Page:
The $3-billion project was formally founded in 1990 by the United States Department of Energy and the U.S. National Institutes of Health, and was expected to take 15 years. In addition to the United States, the international consortium primarily comprised geneticists in the United Kingdom, and also in France, Germany, Japan, China, and India.

Due to widespread international cooperation and advances in the field of genomics (especially in sequence analysis), as well as major advances in computing technology, a 'rough draft' of the genome was finished in 2000. Ongoing sequencing led to the announcement of the essentially complete genome in April 2003, 2 years earlier than planned. In May 2006, another milestone was passed on the way to completion of the project, when the sequence of the last chromosome was published in the journal Nature.

Key findings of the draft (2001) and complete (2004) genome sequences include:

1. There are approximately 23,000 genes in human beings, the same range as in mice and roundworms. Understanding how these genes express themselves will provide clues to how diseases are caused.

2. Between 1.1% to 90% of the genome sequence codes for proteins.

3. The human genome has significantly more segmental duplications than other mammalian genomes. These sections may underlie the creation of new primate-specific genes.

 

Tasks:

1. Answer the questions:

1. What caused the initiative to study the human genome?

2. What establishments and countries participated in the HGP?

3. When was the project completed?

4. What are the key findings of the HGP?

 

Fill in the words from the list, then make sentences using the completed phrases.

Mammalian present proposed human key major rough

1. … advances; 2. … findings; 3. … state; 4. … draft; 5. … beings; 6. … undertaking; 7. … genomes.

Fill in the prepositions, then make sentences using the completed phrases.

for by with to to in

1. to lead … sth.; 2. to be supported … smb.; 3. to begin … sth.; 4. advances … the field of; 5. to be necessary … sth/smb; 6. on the way … sth.

 

Read the text again and take notes under these headings. Then, look at your notes and talk about HGP History and Findings.

· How HGP Started

· HGP Participants

· Stages

· Findings

 

Text 3

Lead-in

1. Match the words and their definitions:

a. Management; b. predisposition; c. advance; d. etiology; e. mammal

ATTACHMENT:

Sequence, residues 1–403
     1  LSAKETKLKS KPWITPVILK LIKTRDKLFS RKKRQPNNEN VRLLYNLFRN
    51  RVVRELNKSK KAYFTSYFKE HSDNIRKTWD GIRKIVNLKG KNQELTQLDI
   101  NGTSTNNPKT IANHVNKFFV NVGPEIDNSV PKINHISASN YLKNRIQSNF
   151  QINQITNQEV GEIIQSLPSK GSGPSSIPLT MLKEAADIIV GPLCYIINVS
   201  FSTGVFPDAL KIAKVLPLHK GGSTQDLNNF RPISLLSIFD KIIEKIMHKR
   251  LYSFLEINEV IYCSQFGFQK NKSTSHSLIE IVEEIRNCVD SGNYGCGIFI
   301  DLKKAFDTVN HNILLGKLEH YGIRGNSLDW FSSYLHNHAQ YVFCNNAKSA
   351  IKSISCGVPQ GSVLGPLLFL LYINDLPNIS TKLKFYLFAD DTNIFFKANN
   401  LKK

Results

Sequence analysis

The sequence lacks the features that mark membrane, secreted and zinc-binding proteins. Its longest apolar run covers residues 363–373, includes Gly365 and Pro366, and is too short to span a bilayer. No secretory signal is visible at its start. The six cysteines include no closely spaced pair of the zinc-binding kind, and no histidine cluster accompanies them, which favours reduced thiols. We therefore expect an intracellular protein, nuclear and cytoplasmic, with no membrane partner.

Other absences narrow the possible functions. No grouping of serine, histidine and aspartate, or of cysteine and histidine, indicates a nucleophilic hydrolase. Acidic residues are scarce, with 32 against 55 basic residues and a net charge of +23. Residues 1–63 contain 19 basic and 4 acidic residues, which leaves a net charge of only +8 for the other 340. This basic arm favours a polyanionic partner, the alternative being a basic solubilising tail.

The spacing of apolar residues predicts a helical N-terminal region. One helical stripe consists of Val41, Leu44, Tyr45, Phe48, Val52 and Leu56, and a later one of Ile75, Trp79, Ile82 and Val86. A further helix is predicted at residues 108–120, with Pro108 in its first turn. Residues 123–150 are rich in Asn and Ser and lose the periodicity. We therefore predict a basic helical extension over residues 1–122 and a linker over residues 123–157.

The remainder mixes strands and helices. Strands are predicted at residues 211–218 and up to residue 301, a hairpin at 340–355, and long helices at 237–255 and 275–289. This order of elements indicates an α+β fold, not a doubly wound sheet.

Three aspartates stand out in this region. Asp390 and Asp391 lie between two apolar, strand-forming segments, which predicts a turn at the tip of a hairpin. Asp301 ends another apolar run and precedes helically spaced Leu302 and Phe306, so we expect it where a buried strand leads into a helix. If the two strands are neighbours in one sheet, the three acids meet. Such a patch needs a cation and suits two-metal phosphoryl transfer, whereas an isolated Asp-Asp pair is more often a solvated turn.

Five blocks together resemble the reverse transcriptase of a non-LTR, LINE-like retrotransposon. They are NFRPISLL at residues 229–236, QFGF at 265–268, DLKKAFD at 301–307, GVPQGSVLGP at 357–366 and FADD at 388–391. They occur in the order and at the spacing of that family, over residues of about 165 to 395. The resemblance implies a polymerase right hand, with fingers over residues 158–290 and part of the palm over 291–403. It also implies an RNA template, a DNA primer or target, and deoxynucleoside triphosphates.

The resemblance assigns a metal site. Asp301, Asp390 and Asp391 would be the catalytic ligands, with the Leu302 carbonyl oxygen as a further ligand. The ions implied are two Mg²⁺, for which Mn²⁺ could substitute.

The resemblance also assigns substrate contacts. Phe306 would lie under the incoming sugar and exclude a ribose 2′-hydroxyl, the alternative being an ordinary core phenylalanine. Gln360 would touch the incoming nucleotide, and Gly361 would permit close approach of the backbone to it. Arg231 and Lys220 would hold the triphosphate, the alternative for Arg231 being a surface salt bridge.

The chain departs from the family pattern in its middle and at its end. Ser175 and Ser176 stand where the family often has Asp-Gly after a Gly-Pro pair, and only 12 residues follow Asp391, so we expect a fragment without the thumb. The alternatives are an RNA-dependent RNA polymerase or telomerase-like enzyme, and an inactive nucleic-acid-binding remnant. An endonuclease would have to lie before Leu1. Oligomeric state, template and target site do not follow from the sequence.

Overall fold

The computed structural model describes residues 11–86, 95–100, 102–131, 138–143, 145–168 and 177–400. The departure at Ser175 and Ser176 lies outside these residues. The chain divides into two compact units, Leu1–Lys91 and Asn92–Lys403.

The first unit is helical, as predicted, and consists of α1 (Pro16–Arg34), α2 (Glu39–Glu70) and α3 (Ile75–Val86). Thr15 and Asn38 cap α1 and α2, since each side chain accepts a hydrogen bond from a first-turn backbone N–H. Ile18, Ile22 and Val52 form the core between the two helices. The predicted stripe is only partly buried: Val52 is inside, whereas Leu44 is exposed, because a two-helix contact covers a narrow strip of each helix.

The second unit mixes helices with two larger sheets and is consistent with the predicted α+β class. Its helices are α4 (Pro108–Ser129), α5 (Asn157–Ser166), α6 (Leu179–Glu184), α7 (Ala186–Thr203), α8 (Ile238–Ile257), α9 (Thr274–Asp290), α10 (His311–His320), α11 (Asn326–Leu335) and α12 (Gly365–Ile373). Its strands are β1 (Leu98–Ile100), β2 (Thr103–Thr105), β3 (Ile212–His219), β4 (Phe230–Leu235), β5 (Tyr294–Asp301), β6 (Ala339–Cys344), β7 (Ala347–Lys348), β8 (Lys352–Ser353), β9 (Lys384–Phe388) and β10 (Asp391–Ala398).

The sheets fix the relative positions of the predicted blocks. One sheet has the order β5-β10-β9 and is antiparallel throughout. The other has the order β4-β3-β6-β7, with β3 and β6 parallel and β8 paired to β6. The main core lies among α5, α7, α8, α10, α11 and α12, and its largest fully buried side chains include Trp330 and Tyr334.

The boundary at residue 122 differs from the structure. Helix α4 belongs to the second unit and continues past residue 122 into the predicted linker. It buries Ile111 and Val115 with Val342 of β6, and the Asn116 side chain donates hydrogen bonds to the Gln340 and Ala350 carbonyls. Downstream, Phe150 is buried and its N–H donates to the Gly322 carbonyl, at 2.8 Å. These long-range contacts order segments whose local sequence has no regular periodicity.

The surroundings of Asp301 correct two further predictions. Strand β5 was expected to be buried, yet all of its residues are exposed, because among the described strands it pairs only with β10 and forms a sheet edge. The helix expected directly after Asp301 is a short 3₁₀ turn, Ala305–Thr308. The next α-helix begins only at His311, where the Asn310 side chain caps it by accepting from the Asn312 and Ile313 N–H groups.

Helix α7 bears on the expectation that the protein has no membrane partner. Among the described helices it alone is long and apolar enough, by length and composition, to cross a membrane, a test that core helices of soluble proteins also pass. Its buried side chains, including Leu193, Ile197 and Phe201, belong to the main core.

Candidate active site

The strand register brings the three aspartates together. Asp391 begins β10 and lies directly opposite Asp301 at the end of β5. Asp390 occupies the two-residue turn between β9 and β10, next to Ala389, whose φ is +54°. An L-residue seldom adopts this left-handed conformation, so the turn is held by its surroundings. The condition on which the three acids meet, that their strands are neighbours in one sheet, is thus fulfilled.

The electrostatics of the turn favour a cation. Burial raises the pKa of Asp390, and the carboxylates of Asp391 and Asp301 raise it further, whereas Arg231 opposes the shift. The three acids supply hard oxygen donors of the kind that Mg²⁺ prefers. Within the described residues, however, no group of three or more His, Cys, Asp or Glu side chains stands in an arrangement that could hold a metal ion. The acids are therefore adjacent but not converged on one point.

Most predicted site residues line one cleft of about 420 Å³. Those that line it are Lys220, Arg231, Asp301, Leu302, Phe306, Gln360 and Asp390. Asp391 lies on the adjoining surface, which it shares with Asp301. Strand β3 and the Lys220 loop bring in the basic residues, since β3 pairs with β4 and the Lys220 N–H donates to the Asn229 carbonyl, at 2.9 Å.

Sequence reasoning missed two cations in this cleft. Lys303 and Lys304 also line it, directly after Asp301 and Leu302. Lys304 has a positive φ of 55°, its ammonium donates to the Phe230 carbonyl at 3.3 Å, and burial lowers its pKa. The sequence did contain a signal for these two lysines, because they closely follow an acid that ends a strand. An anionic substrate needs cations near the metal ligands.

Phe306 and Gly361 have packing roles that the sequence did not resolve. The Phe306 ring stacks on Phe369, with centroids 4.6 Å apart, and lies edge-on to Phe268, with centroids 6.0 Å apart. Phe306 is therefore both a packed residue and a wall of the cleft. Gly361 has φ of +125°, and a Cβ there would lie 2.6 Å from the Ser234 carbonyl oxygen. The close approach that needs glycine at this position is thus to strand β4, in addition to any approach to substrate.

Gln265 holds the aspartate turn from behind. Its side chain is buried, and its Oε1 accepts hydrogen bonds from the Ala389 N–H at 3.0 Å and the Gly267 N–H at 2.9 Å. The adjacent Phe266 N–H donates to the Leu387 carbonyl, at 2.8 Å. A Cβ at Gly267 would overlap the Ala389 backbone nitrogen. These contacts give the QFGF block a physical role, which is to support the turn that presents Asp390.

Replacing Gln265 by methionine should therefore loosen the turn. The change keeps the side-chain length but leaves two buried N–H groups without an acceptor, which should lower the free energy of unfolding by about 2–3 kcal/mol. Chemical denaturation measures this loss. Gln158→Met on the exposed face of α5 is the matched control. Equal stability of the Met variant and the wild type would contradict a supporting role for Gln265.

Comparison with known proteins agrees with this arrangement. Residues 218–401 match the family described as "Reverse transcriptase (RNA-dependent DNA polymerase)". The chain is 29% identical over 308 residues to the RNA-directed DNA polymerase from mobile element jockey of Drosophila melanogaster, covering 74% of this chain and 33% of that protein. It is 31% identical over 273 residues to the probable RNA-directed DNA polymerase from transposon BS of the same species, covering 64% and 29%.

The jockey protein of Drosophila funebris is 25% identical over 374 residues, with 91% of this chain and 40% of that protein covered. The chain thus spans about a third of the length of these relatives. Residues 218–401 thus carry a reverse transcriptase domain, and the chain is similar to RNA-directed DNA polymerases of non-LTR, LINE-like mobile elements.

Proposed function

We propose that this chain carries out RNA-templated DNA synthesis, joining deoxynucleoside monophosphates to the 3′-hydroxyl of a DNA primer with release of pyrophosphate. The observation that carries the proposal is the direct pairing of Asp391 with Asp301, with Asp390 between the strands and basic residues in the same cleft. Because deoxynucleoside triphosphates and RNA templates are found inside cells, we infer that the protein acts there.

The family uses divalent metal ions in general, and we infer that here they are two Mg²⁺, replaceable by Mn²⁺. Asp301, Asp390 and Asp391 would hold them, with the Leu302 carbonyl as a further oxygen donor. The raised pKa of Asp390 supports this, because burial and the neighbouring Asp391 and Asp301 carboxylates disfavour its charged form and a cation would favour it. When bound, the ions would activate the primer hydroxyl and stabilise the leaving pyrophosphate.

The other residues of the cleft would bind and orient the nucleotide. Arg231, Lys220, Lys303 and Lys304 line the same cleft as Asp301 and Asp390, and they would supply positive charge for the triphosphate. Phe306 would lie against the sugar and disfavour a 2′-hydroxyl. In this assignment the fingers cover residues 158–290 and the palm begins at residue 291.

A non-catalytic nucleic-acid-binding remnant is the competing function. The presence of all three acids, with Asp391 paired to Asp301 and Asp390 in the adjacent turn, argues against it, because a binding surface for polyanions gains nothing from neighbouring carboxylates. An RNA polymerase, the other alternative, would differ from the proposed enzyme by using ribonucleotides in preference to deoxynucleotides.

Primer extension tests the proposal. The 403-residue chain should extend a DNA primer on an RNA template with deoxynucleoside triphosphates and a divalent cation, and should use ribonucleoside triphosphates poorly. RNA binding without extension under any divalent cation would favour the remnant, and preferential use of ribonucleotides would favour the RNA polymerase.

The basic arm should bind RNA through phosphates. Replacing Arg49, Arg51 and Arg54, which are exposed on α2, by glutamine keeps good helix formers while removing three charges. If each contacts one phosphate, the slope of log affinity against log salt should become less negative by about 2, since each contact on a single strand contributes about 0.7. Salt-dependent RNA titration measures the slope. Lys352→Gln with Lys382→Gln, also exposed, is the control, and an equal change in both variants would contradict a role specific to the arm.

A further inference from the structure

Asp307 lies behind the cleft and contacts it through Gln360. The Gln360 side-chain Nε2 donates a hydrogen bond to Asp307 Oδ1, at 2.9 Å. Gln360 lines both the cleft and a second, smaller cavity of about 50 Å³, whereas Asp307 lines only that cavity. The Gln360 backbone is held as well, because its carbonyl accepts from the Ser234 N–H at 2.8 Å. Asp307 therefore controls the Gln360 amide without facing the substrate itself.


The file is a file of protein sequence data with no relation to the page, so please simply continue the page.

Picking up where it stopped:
1. Going forward, progress;

2. Warm-blooded vertebrate of the class secreting milk to feed its young;

3. Study of the causes of disease;

4. Treatment;

5. Bent or inclination to something;

 

2. Answer the questions:

1) What do you think are the advantages of HGP?

2) Can you think of any disadvantages?

 

Read the text and say what the words in bold mean

HGP Benefits

The work on interpretation of genome data is still in its initial stages. It is anticipated that detailed knowledge of the human genome will provide new avenues for advances in medicine and biotechnology. Clear practical results of the project emerged even before the work was finished. For example, a number of companies, such as Myriad Genetics started offering easy ways to administer genetic tests that can show predisposition to a variety of illnesses, including breast cancer, hemostasis disorders, cystic fibrosis, liver diseases and many others. Also, the etiologies for cancers, Alzheimer's disease and other areas of clinical interest are considered likely to benefit from genome information and possibly may lead in the long term to significant advances in their management.

There are also many tangible benefits for biological scientists. For example, a researcher investigating a certain form of cancer may have narrowed down his/her search to a particular gene.

Further, deeper understanding of the disease processes at the level of molecular biology may determine new therapeutic procedures. It is likely that expanded knowledge in this area will facilitate medical advances in numerous areas of clinical interest that may not have been possible without them.

The analysis of similarities between DNA sequences from different organisms is also opening new avenues in the study of evolution. In many cases, evolutionary questions can now be framed in terms of molecular biology. Many questions about the similarities and differences between humans and our closest relatives (the primates, and indeed the other mammals) are expected to be illuminated by the data from this project.

The project's goals included not only identifying all genes in the human genome, but also to address the ethical, legal, and social issues (ELSI) that might arise from the availability of genetic information.

 

Tasks:

1. Answer the questions:

1. What are the practical results of the HGP?

2. What are the benefits for biological scientists?

3. How does the genes research influence the study of evolution?

4. Where might the ethical, legal, and social issues arise from?